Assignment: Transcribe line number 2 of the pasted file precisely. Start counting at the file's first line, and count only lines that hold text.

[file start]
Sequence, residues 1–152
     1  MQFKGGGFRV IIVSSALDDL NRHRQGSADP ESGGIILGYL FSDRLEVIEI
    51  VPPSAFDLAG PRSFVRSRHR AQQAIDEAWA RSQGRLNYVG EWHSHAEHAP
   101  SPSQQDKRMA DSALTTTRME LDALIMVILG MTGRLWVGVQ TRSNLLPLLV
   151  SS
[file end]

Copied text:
     1  MQFKGGGFRV IIVSSALDDL NRHRQGSADP ESGGIILGYL FSDRLEVIEI